There is the potential case of a person who may really want this information out in the media and I would question that intent if there was an active legal case.  Would the psychiatrist be getting the authorization as part of a larger legal strategy to get favorable public opinion?  I do think that commenting on stories that are already out in the press, and making a point about those stories is perfectly acceptable.  I have done that here on this blog, pointing out that I have no personal knowledge of the person involved or their psychiatric diagnosis, but that the issue has broad implications for the field and therefore merits discussion.  The commentary here has been about Greyhound therapy and the way that violence and aggression are approached in community and state hospitals.

The context is important.  Psychiatrists are trained to operate in a very specific environment.  They are supposed to determine who has significant mental illness and then treat those people in hospital and clinic settings.  Those methods are not generally applicable to people who don't have mental disorders.  This is a limitation of psychiatry that most people don't understand.  In the absence of clear biological markers, psychiatric disorders are defined as conditions that cause impairment in academic, family or personal life.  Many of the politicians in this case (including Senator Goldwater) had no such impairment.  The comments presented about him were essentially another version of an attack ad.  There was no reason to suggest he had any diagnosable condition and the other technical terms used are even more vague in the absence of a clearly defined disorder or problem.

The technical jargon used by psychiatrists is generally meaningless to the public.   Terms that I hear quite a lot of these days include narcissism, psychopathy, and even antisocial personality disorder.  I can imagine that the next step of interested viewers is to look up the "criteria" for these traits or diagnoses online.  When looking them up, the same mistake is duplicated - the viewer is reading words on a page describing an experience they have never experienced.  A significant number of viewers will conclude that they may have the same problem or at least they know a lot of family members and coworkers who do.  Making all of this jargon readily available has been a greater disservice than a service to the public.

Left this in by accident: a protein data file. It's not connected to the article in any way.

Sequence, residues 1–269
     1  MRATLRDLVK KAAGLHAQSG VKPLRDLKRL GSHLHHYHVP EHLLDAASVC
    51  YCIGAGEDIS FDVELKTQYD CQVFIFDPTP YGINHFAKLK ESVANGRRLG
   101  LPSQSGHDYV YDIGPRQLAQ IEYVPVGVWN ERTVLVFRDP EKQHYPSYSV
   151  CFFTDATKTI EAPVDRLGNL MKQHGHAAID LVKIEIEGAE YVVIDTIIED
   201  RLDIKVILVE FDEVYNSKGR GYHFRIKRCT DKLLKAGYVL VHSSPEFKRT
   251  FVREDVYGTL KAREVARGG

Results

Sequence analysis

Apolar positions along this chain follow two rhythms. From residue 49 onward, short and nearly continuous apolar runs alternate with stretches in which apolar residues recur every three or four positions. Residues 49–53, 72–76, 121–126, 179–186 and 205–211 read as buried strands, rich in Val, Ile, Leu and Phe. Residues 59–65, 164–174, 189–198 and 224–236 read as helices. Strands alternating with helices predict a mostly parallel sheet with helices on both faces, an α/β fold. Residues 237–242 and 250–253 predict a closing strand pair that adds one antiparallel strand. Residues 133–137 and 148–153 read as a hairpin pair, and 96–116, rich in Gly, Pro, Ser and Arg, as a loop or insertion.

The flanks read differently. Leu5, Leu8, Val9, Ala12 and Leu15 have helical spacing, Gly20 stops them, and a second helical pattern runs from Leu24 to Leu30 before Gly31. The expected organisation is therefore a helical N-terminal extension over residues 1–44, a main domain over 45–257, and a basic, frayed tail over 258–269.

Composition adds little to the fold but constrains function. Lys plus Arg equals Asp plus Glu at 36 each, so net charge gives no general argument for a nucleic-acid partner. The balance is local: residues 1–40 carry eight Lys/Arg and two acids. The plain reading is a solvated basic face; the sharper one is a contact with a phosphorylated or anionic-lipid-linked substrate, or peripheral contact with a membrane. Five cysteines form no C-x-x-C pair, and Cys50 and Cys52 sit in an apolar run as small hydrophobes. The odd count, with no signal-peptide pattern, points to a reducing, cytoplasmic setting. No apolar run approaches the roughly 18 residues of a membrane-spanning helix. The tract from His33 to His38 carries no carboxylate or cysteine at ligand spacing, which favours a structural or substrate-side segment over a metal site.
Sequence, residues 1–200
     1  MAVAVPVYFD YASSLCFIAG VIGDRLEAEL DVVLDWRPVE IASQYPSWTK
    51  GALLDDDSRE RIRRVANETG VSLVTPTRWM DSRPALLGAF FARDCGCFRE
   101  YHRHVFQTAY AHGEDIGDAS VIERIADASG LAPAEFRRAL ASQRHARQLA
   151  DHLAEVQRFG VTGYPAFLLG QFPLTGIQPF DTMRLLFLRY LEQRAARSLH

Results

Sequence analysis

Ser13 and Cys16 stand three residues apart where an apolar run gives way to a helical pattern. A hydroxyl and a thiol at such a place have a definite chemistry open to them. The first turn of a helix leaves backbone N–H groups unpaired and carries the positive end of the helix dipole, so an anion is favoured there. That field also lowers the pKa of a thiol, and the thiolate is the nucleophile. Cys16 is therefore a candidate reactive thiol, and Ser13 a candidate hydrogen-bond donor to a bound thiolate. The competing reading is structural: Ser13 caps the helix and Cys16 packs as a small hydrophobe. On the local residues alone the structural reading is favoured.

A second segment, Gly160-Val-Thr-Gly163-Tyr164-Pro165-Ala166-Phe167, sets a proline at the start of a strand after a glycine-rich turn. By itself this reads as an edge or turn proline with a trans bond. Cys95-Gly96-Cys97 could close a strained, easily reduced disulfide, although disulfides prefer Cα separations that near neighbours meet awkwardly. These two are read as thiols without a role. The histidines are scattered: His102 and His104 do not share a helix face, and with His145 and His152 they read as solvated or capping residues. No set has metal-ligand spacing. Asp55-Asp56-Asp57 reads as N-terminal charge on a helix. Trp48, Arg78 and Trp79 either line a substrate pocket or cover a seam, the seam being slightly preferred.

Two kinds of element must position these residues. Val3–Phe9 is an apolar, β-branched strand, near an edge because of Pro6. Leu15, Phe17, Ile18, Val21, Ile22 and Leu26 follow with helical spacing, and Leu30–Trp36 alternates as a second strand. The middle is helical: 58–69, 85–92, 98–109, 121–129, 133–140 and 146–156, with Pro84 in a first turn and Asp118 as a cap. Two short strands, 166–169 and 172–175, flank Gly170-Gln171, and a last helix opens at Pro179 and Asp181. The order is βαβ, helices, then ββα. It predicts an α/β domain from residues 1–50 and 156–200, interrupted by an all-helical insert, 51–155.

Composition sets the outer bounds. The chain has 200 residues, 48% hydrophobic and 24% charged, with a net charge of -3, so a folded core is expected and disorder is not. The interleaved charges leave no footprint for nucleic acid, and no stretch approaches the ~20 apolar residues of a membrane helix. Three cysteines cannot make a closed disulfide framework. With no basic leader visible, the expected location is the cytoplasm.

And finally, at least in the case of Goldwater - the fact that most psychiatrists are Democrats cannot be ignored.  The last time I heard any analysis of this point psychiatrists were described as the only medical speciality that was predominantly Democrats.  From listening to the political commentary of some of my colleagues,  psychiatrists are no more immune to standard political biases or rhetoric than the average person.  It is a major problem to have a conservative Republican analyzed by the political opposition.  That should be an obvious point but I don't see any of the pundits these days disclosing their political affiliations.      

Psychiatry is a medical speciality that is meant to be practiced like all other branches of medicine - behind closed doors.  Medicine is supposed to be practiced for the benefit of the patient and not the physician.

We should never lose sight of that.

George Dawson, MD, DLFAPA


1:  Robert Klitzman.  Should Therapists Analyze Presidential Candidates?  New York Times.  March 7, 2016.

2:  R. Ginzburg (ed).  1,189 Psychiatrists Say Goldwater Is Psychologically Unfit To Be President.  Fact Special Issue; September-October 1964; pp 24-64.


Not a Democrat or Republican.  I will leave it at that.